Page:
VHS tapes, anyone? Twenty years ago, they were the most popular way to
watch movies. That’s how long it’s been since the URLA changed! The new,
redesigned form will be available beginning January 1, 2021. Now is the time
to prepare for the transition and learn the new form’s capabilities and data
collection fields. Get onboard! The 2021 train is barreling down the tracks.
- Understand all five sections of the new URLA
- Identify the new data collection fields on the revised form
- Perform calculations using the form’s built-in capabilities
- Recognize enhancements designed to aid in form completion
- Properly capture information on multiple applicants
- Utilize the form’s dynamic capabilities (What’s expandable! What’s collapsible!)
- Customize procedures and policies to guide staff during URLA completion
- Develop exercises to familiarize lenders and loan processors with the URLA layout
The optional use date of the redesigned Uniform Residential Loan Application (URLA) has
been changed several times, but it’s officially available for use beginning January 1, 2021!
Mortgage lending staff should prepare now to implement this form for all mortgage
applications taken in the new year, prior to the required use date for mortgage loans that
will be sold to Fannie Mae and Freddie Mac. Even if your institution does not sell mortgage
loans, it is very likely that your loan origination system will be updated with the new URLA.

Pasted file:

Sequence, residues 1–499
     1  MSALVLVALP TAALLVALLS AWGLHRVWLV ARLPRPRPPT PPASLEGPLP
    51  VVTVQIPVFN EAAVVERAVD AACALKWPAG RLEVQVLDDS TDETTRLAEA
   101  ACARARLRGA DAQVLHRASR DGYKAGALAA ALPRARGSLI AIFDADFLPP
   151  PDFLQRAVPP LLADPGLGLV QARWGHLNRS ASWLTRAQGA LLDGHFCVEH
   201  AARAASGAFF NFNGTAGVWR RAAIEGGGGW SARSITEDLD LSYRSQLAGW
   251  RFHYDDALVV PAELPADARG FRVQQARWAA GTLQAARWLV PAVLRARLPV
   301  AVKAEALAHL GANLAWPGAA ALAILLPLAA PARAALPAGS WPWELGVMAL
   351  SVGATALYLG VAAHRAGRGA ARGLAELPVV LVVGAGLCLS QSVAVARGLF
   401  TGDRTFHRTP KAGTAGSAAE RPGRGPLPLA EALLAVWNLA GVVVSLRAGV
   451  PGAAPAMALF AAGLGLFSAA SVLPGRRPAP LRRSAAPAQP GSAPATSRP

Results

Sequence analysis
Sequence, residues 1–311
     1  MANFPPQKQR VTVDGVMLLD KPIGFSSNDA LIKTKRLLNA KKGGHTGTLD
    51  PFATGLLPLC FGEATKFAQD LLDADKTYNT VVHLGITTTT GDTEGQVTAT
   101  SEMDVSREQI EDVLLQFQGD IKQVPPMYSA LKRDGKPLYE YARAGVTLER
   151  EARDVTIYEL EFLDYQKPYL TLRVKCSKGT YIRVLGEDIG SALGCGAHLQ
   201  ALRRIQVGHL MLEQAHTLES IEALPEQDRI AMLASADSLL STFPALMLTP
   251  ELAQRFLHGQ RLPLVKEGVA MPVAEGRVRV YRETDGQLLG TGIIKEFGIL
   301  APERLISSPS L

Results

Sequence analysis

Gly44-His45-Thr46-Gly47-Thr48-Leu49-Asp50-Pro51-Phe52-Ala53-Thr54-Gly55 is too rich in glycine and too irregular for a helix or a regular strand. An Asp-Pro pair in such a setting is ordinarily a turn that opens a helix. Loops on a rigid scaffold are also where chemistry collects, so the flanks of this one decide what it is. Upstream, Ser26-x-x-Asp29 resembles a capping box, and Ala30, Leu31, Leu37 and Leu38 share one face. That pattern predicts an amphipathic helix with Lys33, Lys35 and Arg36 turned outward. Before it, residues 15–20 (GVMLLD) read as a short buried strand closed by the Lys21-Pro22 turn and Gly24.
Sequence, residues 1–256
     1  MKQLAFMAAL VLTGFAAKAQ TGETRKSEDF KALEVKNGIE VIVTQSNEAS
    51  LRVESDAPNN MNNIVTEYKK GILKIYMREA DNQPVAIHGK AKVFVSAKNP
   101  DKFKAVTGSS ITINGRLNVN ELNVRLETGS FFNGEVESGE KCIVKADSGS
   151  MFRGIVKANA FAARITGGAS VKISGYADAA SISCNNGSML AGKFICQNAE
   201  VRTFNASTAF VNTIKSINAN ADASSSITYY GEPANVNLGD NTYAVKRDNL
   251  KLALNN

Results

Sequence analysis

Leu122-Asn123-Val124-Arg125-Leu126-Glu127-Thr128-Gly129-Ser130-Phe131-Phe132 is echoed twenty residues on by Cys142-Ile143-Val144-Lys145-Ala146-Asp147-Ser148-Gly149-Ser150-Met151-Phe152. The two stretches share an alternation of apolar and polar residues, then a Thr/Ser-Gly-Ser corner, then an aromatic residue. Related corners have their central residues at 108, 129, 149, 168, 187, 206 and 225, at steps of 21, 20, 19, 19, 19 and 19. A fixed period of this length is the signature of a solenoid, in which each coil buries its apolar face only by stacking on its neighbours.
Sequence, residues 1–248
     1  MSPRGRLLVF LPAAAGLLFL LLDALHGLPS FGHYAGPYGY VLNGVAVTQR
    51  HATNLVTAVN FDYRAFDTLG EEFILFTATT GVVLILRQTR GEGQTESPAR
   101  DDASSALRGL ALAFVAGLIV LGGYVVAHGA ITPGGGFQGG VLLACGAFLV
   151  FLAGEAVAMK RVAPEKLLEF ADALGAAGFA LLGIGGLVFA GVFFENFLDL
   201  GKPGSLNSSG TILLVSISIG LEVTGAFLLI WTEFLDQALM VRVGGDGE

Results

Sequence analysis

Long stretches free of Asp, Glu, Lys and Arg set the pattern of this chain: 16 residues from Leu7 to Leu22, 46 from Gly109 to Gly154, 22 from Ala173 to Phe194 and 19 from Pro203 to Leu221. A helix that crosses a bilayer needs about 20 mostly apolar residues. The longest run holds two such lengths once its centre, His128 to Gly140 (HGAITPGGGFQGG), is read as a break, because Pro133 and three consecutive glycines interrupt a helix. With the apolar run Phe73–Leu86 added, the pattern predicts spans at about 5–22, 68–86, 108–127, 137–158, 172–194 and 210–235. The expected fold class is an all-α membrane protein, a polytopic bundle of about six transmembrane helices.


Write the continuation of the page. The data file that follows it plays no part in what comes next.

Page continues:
Get a jump on 2021 by becoming familiar with the form’s layout and how to complete
each of the five sections.
This session will take a deep dive into when each section should be completed and include
a detailed discussion of the data collection points throughout the application. Learn
exercises and completion tips to help staff smoothly transition to the new form - which
hasn’t changed in over 20 years! This webinar will ensure you are ready to roll with the
new URLA for your first 2021 mortgage loan application!
Molly Stull, Brode Consulting Services, Inc.
Molly Stull began her career as a teller while working on her undergraduate degree and has continued working in the financial industry ever since. She has experienced the growth of a hometown bank, branch mergers, charter changes, name changes, etc. Molly has activated business resumption plans, performed secondary market quality control reviews, processed wires, filed SARs, and coordinated reviews with external auditors and examiners. Her favorite role has always been educating staff and strongly believes that if staff understands the reason for a process they will be more compelled to follow the procedures. Molly holds a bachelor’s from the University of Akron and an MBA from Ashland University.